A biker patch or "color" is usually sewn on a vest made of leather or denim to denote the biker's group, organization or gang. These sacred patches are worn with honor and may contain secret symbols that say things about the group or the individual wearing it.
There are basically 3 types of biker patches which come in one, two or three pieces. The one-piece patch symbolizes a motorcycle organization such as Harley Owners Group (HOG) and Honda Riders Club. Two-piece patches are usually used by riding clubs or may symbolize a motorcycle club awaiting the transition to be a full three-piece outlaw club. The three-piece patches symbolize an outlaw motorcycle gang.
Biker patches basically have three parts; the top rocker, the bottom rocker, and the group or gang emblem in the middle. The two crescent shaped rockers display the name of the club on the top and the place or region of the group on the bottom. Sometimes the word MC is placed beside the emblem or rocker to note that it is a Motorcycle Club.
In 1947, the American Motorcycle Association stated that "99% of all of their members are law-abiding citizens and only 1% are Outlaw" following a violent incident in Hollister, California. This gave birth to the One Percenters or Outlaw Motorcycle Clubs. These clubs cut their one piece patches into three to distinguish themselves from the rest of the law-abiding groups. A diamond shaped 1% patch may also be worn with the three piece patch. To show that they are the outlawed 1%.
Biker patches may have a hundred meanings and their symbols can stand for anything. Usually, only bona fide members of the group truly know the meaning behind these emblems. Here are some common symbols and their meanings.
1% – as stated by the AMA, these are the unrecognized outlaw motorcycle groups.
13 – this is used to symbolize the letter M which may stand for several meanings including motorcycle, marijuana, methamphetamine, or a secret meaning only known to the members.
It may also mean "12 jurors and a judge" which symbolizes that they can be judged by nobody. We are our own judge and jurors.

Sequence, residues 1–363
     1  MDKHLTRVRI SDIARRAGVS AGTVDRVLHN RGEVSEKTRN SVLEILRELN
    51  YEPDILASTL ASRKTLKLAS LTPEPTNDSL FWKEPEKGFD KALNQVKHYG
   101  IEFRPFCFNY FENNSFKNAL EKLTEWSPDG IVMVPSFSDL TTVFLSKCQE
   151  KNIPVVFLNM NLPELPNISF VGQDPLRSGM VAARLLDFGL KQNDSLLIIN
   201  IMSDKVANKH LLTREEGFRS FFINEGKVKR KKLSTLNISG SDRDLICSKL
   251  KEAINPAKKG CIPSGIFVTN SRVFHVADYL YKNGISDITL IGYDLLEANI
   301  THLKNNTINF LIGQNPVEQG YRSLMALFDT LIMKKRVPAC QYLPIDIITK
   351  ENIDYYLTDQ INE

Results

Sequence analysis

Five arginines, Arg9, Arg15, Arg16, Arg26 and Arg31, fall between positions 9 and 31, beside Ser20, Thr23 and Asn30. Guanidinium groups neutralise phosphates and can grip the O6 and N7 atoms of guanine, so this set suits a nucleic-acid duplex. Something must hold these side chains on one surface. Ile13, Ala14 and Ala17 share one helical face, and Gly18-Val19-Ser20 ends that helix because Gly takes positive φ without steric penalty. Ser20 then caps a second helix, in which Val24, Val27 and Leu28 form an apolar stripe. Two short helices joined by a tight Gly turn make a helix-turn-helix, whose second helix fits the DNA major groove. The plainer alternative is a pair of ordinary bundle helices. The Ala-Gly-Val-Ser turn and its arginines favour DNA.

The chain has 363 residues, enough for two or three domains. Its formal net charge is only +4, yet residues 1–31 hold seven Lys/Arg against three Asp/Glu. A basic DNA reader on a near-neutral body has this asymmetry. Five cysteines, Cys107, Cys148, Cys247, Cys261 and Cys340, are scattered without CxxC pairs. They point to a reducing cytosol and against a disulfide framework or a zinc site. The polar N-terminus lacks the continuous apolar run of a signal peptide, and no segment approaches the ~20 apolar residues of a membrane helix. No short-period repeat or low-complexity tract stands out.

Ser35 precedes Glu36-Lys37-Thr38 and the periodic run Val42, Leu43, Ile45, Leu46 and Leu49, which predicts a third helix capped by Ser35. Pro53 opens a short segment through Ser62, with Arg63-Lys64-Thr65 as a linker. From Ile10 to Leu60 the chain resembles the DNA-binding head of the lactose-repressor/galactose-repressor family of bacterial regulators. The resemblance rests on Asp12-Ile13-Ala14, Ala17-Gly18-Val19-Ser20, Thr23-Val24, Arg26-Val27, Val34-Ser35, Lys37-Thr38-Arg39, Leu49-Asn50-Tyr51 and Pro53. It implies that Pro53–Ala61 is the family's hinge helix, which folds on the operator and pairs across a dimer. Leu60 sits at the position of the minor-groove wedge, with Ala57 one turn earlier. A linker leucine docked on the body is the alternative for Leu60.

9er – symbolizes that the biker has Native American blood since the 9th letter in the alphabet is I.
Ace of spades – this is a symbol for the bringer of death. It means the rider is willing to kill for the group. Or perhaps he has already.
Bad Influence – shows that the biker is a mad man.
DILLIGAF – this is an acronym for "Do I Look like I Give a F ***"
FF – forever, forever is used with the group's title in the beginning and end, as in the Hell's Angels' AFFA and the Sons of Silence's SFFS
Flags – may be used to denote the group's location or origin.
ITCOB. – this is an acronym for "I Took Care of Business"
MC or MCC- this is an acronym for "Motorcycle Cycle Club"
Men of Mayhem – badges or pins given to members who have killed in the name of the group.
Nomad – used on the bottom rocket denoting a person of no particular address. Only a few can truly live to this title.
Skull and Crossbones – the patch stands for "Respect Few, Fear None". In some cases, the cross bones are replaced by swords.
It may also show that the member has killed someone for the group.
Swastika and Nazi symbols – these does not necessarily mean that the bikers are Nazi, rather, they show that they reject the rules of society.
Wings – these are usually used to show achievements. They may sometimes hold a sexual meaning but these are mostly believed to be jokes.
Red wings shows the biker had oral sex with a menstruating female.
Green wings shows the biker had sexual intercourse with a woman with a sexually transmitted disease.
Yellow wings shows the biker drank a woman's urine.
Purple wings shows the biker had sexual intercourse with a corps
Patches may also show the position of a biker in the gang. This may include president, vice president, secretary and sergeant-at-arms. For outlaw groups, it can only be worn in the territory and has to be surrendered when the biker leaves the group.
No matter what the meaning, the patches are treated with honor and respect for it is a great privilege to have the right to wear the group's emblem and call it their own.